Zimmer MedizinSysteme GmbH / icelab
Zimmer MedizinSysteme GmbH / icelab
Zimmer MedizinSysteme GmbH / icelab
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Health Club Management

Health Club Management

features

Strong thoughts

Studies have shown that just thinking about exercise can have physical benefits. We take a closer look

By Katie Barnes, Spa Business | Published in Health Club Management 2013 issue 6

For centuries it’s been believed that the brain was a static organ incapable of change. In recent decades, however, it’s been discovered that the brain is dynamic and has the ability to change, heal and renew itself.

Growing research in this field – known as neuroplasticity – has shown that thought itself can actually result in physical as well as mental changes: you use the same sensory programmes in the brain when you imagine an action as you do when you perform that activity.

In gym terms, this means that just thinking about a workout can have benefits. While it’s obviously not recommended that people stop exercising because of this, there’s an argument that more ‘thoughtful exercise’ has the potential to enhance results.

Power of imagination
A recent study by the University of South Carolina Upstate* has shown that, when people focus their mind on a muscle during strength training, they increase the output of that muscle significantly.

The test was carried out on 11 male footballers who performed three sets of bench presses at 50 per cent capacity while electromyographic (EMG) activity was measured in their pectorals, deltoids and triceps. The first set was performed without any instruction, but in the following sets participants were told to focus on the chest and tricep muscles respectively.

In the set where they were asked to focus on the chest muscle, activity in the pectorals rose by 22 per cent, while activity in other muscle groups was unchanged. Similarly, when instructed to think about the triceps, activity in those muscles rose by 26 per cent.

In a fourth bench press set which was performed at 80 per cent capacity, there was no significant change in muscle activity despite verbal instruction, suggesting that thoughtful exercise might not be as effective during high-intensity workouts.

Thought provoking
Meanwhile, an older piece of research from Harvard University** found that thinking about everyday activities as exercise can actually improve fitness.

The four-week study was based on 84 female housekeeping staff working in seven hotels. All of them worked a 32- to 40-hour week cleaning around 15 rooms a day at similar hotels.

The weight, BMI, waist-to-hip ratio and blood pressure was recorded in each participant, who also filled out a questionnaire on whether they thought their work duties were acts of exercise.

Subjects in four hotels (44 people) were told that their daily housekeeping work meant they were meeting the recommendations for an active lifestyle. They were given details about how many calories were used in different activities – 15 minutes of changing linen equated to 40 calories, while 15 minutes cleaning a bathroom used 60 calories, for example.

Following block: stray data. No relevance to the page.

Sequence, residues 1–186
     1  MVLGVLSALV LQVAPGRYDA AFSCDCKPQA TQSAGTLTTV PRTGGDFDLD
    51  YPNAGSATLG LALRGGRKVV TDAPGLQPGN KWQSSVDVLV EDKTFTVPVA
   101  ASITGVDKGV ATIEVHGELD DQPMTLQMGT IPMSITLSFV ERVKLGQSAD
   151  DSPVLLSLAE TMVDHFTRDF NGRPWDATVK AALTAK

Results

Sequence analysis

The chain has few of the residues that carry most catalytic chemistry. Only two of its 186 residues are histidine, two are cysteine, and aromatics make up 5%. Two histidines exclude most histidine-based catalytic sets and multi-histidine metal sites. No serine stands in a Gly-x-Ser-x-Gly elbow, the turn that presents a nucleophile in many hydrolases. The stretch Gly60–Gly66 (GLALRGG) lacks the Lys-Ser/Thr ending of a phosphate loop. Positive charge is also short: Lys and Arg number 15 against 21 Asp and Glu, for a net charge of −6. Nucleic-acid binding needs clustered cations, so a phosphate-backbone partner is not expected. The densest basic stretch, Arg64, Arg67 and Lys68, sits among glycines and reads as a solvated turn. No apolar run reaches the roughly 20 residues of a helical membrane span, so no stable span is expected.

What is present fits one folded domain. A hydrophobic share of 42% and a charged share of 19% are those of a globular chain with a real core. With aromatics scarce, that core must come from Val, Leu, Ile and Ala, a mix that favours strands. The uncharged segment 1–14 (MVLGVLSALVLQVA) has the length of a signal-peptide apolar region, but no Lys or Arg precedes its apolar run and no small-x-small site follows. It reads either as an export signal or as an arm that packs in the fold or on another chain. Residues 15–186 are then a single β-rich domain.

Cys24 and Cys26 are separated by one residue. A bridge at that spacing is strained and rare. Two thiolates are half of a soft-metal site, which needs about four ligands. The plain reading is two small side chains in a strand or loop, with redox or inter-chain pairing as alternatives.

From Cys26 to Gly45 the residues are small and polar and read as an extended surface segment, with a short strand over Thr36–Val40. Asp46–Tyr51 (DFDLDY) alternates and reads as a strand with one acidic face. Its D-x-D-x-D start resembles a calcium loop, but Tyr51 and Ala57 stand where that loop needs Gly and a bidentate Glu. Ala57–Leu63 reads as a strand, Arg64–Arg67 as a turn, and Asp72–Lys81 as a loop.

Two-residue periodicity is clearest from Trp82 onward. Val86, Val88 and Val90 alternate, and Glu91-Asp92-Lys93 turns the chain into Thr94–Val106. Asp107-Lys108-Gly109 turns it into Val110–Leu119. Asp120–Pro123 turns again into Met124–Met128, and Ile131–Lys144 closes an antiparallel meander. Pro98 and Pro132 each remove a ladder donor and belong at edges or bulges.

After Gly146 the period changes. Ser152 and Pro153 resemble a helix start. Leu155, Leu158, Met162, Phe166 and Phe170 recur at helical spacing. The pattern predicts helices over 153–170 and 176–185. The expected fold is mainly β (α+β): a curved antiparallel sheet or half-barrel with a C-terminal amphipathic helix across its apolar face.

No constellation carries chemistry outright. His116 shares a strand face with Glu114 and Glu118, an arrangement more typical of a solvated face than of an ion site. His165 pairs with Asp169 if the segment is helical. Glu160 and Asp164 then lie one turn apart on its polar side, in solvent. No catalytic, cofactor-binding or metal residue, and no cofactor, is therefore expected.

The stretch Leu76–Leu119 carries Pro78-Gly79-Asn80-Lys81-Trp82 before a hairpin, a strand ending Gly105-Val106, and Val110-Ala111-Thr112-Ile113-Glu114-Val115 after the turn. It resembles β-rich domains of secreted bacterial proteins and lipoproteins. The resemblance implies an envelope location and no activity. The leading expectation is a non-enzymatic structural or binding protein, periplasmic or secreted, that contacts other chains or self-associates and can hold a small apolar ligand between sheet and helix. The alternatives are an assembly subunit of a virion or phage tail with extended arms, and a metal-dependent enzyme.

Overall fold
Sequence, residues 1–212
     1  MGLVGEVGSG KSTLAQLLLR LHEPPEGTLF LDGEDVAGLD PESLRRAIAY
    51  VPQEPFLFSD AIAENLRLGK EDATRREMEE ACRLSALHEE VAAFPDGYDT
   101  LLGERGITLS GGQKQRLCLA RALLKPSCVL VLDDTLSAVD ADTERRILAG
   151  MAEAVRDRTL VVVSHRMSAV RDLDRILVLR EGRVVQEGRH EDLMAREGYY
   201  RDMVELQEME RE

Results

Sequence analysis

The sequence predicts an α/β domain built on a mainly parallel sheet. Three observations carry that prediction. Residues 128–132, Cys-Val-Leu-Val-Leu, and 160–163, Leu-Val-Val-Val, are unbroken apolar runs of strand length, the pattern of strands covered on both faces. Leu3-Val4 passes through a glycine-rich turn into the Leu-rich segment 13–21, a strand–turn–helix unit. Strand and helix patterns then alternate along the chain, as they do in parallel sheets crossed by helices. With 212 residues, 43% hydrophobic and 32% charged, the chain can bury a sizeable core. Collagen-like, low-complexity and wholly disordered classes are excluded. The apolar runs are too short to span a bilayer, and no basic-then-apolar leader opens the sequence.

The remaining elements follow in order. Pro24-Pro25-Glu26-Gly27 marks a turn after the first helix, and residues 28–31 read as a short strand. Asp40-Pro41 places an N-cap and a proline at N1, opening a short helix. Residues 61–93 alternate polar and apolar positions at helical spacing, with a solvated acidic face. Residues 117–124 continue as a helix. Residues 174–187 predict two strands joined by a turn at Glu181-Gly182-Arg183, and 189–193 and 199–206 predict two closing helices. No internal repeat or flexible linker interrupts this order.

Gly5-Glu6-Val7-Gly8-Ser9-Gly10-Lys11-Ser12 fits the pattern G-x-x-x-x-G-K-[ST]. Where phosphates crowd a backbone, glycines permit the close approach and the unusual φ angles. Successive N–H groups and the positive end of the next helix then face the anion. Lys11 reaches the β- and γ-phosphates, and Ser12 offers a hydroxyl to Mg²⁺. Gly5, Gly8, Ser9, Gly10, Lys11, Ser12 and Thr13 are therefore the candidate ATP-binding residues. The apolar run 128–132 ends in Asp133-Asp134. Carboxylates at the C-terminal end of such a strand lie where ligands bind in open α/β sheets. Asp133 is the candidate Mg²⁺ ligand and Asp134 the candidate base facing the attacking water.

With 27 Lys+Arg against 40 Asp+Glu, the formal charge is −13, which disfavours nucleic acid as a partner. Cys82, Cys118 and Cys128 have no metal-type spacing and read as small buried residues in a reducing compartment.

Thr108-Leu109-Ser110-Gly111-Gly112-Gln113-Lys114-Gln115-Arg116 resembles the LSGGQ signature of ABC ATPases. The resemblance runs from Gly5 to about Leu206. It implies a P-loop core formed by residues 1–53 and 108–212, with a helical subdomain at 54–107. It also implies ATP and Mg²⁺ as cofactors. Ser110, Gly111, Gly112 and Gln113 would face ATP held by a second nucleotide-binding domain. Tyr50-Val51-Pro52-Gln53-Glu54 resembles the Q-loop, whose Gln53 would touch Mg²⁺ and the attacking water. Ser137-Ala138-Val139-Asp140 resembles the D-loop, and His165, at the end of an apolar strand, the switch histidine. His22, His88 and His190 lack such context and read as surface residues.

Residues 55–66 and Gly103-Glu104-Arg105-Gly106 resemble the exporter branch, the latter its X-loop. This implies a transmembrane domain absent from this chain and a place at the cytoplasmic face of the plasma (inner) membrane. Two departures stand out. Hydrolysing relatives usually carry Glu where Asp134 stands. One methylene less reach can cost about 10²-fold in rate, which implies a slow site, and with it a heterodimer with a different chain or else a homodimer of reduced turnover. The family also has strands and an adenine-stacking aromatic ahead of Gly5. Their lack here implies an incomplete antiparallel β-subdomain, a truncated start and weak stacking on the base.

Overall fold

The remaining 40 participants working in the three other hotels were not given any such information.

After four weeks, subjects in the informed group perceived themselves to be getting more exercise than before. Compared to the control group, their physical health had also significantly improved: their average weight dropped by nearly 2lbs; average BMI decreased from 26.05 to 25.70; and average waist-to-hip ratio fell from 0.834 to 0.826.

The researchers concluded that: “These results support the hypothesis that exercise affects health in part or in whole via the placebo effect.”

http://www.leisureopportunities.com/images/HCM2013_6research.gif
Studies in the scientific field of neuroplasticity show that just thinking about exercise can translate into actual, physical benefits
People
One of the opportunities we’re looking at is in London. The location doesn’t suit a low-cost gym, but would suit a boutique-style model. - John Oxley
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features

Strong thoughts

Studies have shown that just thinking about exercise can have physical benefits. We take a closer look

By Katie Barnes, Spa Business | Published in Health Club Management 2013 issue 6

For centuries it’s been believed that the brain was a static organ incapable of change. In recent decades, however, it’s been discovered that the brain is dynamic and has the ability to change, heal and renew itself.

Growing research in this field – known as neuroplasticity – has shown that thought itself can actually result in physical as well as mental changes: you use the same sensory programmes in the brain when you imagine an action as you do when you perform that activity.

In gym terms, this means that just thinking about a workout can have benefits. While it’s obviously not recommended that people stop exercising because of this, there’s an argument that more ‘thoughtful exercise’ has the potential to enhance results.

Power of imagination
A recent study by the University of South Carolina Upstate* has shown that, when people focus their mind on a muscle during strength training, they increase the output of that muscle significantly.

The test was carried out on 11 male footballers who performed three sets of bench presses at 50 per cent capacity while electromyographic (EMG) activity was measured in their pectorals, deltoids and triceps. The first set was performed without any instruction, but in the following sets participants were told to focus on the chest and tricep muscles respectively.